§ Major Guy Lloyd (Renfrew, Eastern)
I beg to move, in page 56, line 8, at the end, to add:Provided that—The object of the Amendment is to give the Government an opportunity to rectify one of the many anomalies—some of them small, but all of them real—and injustices which may have been overlooked when the Bill was drafted. On Clause 41 we pointed out a number of very similar anomalies, and some of our Amendments were accepted.
- (a) where a change occurs in the partnership in such circumstances that thereafter a body corporate, which until that time was engaged in the trade or business as a partner therein, continues to be engaged therein but on its own account alone, the share of that body corporate in the profits and losses of the trade or business arising at any time before the end of the standard period shall be deemed to be the whole amount of the profits or losses of the trade or business arising during that period; and
- (b) where a change has taken place at any time after the beginning of a standard period in the proportion in which the profits are to be divided between the partners, the share of the body corporate in the profits and losses arising before the end of the standard period shall be computed by reference to the proportion in which it is entitled to share in the profits during the chargeable accounting period.
Here is another in connection with a partnership. I hope the Chancellor and his advisers will see their way to rectify the anomaly by conceding my point. Admittedly, the words I suggest in my Amendment are rather complicated, but they could doubtless be improved, and I should be more than willing to yield to the Chancellor and his advisers the opportunity of improving the words provided they accept the principle of my Amendment.
Under the Clause as drafted a change in partnership means that the surviving partners can succeed only in proportion to the share of the profits previously accruing to them. That is not right. If a man retires from a partnership with a firm, why should the firm suffer through that because their share is based on the standard of profits of the standard year although it is exactly the same business as it was? Indeed, it may now even be making a loss after the retirement of the other partner, but although there might be a fall in the profits the Excess Profits Levy would still have to be paid. That is 992 a grotesque state of affairs, as I am sure my right hon. Friend will agree.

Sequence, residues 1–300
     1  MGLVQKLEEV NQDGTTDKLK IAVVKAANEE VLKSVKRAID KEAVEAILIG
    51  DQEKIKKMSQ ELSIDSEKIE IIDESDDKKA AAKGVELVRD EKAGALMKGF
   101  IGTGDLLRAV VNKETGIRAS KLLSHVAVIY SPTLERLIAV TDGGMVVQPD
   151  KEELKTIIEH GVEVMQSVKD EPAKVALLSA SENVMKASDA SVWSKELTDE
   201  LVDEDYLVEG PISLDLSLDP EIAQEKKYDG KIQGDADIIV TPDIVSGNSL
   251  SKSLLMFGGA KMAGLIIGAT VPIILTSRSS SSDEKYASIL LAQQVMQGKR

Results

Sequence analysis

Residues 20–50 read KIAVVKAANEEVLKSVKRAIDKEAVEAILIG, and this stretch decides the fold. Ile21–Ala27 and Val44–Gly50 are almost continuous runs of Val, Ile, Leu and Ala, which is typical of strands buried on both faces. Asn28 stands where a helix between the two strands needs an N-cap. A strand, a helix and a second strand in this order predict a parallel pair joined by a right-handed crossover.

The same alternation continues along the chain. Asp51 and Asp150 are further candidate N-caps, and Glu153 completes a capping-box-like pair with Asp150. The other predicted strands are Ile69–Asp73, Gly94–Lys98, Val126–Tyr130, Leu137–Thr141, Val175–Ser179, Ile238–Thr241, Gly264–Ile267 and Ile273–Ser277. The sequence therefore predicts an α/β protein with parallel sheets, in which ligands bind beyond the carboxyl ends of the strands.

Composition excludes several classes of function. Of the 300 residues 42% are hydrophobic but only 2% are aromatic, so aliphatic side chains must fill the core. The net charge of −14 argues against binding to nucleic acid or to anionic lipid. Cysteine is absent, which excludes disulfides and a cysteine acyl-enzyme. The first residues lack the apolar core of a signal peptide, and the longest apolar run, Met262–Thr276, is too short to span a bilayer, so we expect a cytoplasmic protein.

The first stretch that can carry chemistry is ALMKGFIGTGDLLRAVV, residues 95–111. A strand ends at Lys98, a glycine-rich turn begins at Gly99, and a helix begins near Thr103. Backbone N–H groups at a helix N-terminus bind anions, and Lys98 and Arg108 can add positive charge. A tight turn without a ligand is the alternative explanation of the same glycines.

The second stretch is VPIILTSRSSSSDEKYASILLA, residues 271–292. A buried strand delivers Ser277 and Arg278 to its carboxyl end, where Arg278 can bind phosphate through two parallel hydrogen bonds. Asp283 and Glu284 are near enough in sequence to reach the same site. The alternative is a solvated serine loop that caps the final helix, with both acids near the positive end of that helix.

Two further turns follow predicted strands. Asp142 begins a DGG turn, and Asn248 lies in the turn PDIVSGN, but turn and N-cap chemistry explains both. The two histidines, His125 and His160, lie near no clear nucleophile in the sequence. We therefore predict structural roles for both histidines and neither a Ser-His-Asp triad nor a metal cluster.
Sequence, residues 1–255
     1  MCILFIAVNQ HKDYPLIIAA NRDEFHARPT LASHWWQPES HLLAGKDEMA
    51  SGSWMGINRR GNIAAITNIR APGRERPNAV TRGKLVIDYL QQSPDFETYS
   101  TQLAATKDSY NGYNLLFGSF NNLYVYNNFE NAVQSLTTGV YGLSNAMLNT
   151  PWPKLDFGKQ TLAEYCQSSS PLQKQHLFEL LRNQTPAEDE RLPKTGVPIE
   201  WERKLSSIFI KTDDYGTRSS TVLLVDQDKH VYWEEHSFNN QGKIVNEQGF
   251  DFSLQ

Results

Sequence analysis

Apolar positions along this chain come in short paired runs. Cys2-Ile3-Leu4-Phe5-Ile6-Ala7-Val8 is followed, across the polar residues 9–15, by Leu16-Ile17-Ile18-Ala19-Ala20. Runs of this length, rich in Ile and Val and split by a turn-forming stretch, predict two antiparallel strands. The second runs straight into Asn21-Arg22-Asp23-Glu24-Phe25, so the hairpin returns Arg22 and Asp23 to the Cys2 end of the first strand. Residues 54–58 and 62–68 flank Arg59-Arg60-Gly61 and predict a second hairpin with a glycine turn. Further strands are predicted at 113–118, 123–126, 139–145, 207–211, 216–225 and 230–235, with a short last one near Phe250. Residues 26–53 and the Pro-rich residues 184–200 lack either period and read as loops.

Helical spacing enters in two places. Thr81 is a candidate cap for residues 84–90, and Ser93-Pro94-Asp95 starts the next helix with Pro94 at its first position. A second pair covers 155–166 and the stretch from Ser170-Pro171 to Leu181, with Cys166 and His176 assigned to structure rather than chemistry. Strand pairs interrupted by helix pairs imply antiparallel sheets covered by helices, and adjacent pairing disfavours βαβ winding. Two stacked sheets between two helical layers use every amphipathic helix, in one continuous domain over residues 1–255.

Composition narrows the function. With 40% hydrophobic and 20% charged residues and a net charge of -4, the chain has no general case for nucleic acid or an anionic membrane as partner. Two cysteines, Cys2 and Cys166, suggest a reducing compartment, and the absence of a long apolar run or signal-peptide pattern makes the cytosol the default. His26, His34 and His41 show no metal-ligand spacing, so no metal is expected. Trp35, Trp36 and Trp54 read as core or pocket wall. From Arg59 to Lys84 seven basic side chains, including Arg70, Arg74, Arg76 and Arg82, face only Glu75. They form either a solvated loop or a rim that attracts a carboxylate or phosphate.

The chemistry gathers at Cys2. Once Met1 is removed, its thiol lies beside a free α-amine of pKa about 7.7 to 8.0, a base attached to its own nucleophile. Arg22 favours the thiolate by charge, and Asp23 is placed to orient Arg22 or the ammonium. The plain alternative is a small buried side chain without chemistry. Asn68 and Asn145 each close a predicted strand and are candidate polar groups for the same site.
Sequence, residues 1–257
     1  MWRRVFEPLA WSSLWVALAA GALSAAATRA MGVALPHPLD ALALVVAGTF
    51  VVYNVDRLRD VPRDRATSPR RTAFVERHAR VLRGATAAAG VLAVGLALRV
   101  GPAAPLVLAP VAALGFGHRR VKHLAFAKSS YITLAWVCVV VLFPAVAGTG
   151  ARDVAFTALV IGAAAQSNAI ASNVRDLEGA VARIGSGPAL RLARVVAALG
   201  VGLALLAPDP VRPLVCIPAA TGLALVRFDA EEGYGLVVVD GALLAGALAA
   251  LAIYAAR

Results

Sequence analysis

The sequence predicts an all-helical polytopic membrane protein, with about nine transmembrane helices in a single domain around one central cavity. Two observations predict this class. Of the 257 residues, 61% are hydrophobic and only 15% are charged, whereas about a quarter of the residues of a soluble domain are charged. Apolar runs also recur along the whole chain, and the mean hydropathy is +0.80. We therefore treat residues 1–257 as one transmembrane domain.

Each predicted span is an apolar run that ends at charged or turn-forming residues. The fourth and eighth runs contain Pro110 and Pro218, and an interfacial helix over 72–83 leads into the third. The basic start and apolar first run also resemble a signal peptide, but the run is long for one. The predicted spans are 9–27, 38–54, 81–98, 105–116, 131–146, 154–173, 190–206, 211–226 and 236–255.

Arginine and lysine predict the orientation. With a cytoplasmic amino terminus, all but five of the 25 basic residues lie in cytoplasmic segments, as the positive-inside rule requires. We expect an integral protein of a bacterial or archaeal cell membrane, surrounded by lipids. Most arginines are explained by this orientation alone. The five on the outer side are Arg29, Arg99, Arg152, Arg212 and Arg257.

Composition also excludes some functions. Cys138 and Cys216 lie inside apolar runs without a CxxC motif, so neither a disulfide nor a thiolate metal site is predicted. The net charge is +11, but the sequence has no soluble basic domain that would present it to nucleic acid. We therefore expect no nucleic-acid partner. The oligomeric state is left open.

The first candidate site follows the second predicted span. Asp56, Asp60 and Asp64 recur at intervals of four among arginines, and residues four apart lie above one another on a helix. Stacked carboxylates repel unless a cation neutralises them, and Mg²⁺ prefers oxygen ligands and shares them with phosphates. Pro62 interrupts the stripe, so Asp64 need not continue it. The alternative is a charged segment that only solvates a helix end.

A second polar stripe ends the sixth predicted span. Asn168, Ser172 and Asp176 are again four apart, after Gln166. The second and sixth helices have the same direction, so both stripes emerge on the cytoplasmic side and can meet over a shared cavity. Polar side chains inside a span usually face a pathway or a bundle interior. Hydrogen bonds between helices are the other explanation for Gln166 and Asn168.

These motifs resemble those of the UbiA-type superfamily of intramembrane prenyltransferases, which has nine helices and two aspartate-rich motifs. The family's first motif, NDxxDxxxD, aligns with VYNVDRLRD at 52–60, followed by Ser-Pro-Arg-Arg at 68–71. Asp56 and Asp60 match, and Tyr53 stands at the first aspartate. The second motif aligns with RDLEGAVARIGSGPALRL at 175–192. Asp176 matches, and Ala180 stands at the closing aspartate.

§ Mr. Maudling
The Clause deals with the position of a business being carried on by two or more persons in partnership when one of the partners is a body corporate. My hon. and gallant Friend has pointed out that there may have been a change of circumstances since the end of the standard period. For example, a company may become entitled to two-thirds of the profits of the business instead of one-half. My right hon. Friend the Chancellor of the Exchequer considers that the substance of the Amendment is valid and that there should clearly be an adjustment of the company's standard profit in those circumstances to reflect the change that has taken place in the circumstances of the partnership.
The wording of the Amendment is not entirely suitable. There may be cases where a company has paid away a large sum to the outgoing partner, and it would not be fair to ignore the fact that the company's funds had thereby been reduced. However, I can give my hon. and gallant Friend an assurance that if he will withdraw the Amendment the Chancellor will put down an Amendment on the Report stage to cover the point and to cover the case, which also needs to be covered, where there has been an introduction of a new partner.
§ Major Lloyd
I am very grateful to my hon. Friend for those remarks. I am very glad that the wording should be in accordance with the Chancellor's wishes and not mine. I am delighted to think that the Chancellor has conceded the point because after all it merely reverts to the position under the Excess Profits Tax during the war. I beg to ask leave to withdraw the Amendment.
§ Amendment, by leave, withdrawn.
§ Clause ordered to stand part of the Bill.